The bartender pulled out a rifle and shot the dog in the leg.  The dog limbed out, bleeding all over the place.  A couple days later the door swings open, there's the dog, dress in a black vest, a big ten gallon hat, and two pearl handled pistols. 

"I'm looking for the man who shot my paw."


Excerpts from the front page of the San Jose Mercury News today:
"Sculley, Jobs plotted to take over Xerox"

John Sculley and Steven Jobs, giddy with enthusiasm and flush with confidence, plotted in mid-1984 for Apple Computer Inc. to take over Xerox Corp., according to a manuscript of a forthcoming book by Sculley.  In scheming to acquire a company six times Apple's size, Sculley and Jobs were doing what they knew best: to think big, to defy the odds, to go for broke . . .

Rather than just make marketing alliances with large companies, as they had done with GE, Sculley thought, Apple ought to actually buy other companies outright.  Not small companies, as Jobs suggested.  Big companies.

"We're not thinking big enough," he told Jobs.  "Maybe we should expand our band width (sic) and think if there's a company out there that could really help us take advantage of this technology.  The obvious one to me is Xerox."

The idea itself was intoxicating.  Jobs and Sculley bounced the prospect off former Xerox computer scientist Bob Belleville and then took it to Al Eisenstat, Apple's in-house general counsel. 

The Xerox gamble fizzled, though, not because of Eisenstat but - in part - because of Jobs.  Just as Jobs' impetuous behavior eventually cost him is place at Apple, it got the better of him during earlier talks with Xerox executives.

[Sculley] recalls saying to Jobs: "I know you don't admire Xerox as a company because it hasn't been able to commercialize its computer products very well.  But let's just go in [to a meeting with Xerox executives] and listen and keep our minds as open as possible.  Let's demonstrate to them that we're really mature people."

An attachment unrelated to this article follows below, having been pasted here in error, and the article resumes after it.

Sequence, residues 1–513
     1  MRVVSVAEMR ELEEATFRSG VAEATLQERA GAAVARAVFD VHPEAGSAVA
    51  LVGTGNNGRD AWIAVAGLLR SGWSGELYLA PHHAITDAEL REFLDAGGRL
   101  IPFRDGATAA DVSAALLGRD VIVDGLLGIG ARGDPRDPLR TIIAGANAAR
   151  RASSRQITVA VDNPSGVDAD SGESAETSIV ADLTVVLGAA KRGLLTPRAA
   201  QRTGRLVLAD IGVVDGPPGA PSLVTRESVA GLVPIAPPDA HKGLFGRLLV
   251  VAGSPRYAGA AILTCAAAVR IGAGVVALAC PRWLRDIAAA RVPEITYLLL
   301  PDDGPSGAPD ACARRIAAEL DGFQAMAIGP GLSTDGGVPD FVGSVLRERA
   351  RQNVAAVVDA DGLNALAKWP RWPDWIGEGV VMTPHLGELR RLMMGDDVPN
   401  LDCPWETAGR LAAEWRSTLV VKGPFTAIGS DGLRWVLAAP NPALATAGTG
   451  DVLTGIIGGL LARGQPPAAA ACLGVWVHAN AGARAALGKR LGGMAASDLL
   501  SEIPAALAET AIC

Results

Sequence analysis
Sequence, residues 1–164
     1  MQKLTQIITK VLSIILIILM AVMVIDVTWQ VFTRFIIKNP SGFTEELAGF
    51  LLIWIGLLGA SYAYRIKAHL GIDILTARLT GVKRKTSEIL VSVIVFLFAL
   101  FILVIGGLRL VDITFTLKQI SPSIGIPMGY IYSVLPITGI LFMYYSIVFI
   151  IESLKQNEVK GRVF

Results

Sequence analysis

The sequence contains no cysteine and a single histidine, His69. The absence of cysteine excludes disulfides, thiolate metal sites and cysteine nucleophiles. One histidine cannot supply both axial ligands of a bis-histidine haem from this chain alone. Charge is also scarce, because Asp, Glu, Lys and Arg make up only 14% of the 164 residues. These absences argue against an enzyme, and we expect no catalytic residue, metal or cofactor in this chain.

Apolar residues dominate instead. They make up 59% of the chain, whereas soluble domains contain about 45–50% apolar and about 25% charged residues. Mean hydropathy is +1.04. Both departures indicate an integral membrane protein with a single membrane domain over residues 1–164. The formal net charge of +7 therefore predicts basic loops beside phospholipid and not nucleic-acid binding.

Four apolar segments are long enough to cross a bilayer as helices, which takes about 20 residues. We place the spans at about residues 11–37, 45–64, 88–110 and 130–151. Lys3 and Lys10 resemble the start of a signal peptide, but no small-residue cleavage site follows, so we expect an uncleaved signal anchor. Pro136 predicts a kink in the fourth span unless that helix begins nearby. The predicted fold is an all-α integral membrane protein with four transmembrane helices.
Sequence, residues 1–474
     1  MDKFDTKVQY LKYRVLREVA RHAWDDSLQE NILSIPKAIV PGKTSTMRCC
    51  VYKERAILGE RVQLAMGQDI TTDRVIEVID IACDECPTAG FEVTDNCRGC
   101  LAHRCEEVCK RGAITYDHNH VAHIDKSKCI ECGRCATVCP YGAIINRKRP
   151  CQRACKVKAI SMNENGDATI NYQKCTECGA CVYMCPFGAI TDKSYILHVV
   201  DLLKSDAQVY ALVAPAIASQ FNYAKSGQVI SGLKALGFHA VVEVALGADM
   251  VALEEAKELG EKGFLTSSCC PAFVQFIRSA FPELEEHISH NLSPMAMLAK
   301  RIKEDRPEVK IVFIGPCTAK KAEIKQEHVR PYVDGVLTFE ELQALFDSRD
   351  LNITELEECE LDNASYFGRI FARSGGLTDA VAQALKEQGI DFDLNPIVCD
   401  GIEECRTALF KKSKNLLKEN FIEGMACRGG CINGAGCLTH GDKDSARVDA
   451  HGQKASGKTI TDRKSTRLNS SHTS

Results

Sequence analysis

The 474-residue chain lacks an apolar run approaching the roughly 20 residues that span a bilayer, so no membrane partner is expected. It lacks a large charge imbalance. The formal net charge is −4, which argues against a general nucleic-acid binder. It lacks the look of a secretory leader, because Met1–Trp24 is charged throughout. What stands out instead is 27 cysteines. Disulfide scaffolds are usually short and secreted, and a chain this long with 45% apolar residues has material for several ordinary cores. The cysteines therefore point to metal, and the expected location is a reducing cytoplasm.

Although Sculley remembers Jobs promising to "behave," he claims the chairman [Jobs] began to attack Xerox almost immediately, proclaiming, "I really shouldn't say this, but I'm going to say it.  You guys don't have any idea of what you're doing." That sour moment alone may have been enough to make any Apple-Xerox marriage tricky . . .


I got acquainted with a young widow, observes a writer, who lived with her step-daughter in the same house.  I married that widow.  Shortly afterward, my father fell in love with the step-daughter and married her.  My wife became the mother-in-law and also the daughter-in-law of my own father, and my wife's step-daughter is my step-mother.  My father's wife has a boy, who is naturally my step-brother because he is the son of my father and of my step-mother, but because he is the son of my wife's step-daughter, my wife is the grandmother of the little boy, and I am the grandfather of my step-brother.  My wife also has a boy.  My step-mother is consequently the step-sister of my boy, and also his grandmother because he is the child of her step-son; and my father is the brother-in-law of my son because he has his own step-sister for a wife.  I am the brother-in-law of my mother; my wife is the aunt of her own son; my son is the grandson of my father; and I am my own grandfather!!!

ACHE (Atlanta Center for Humorous Expression)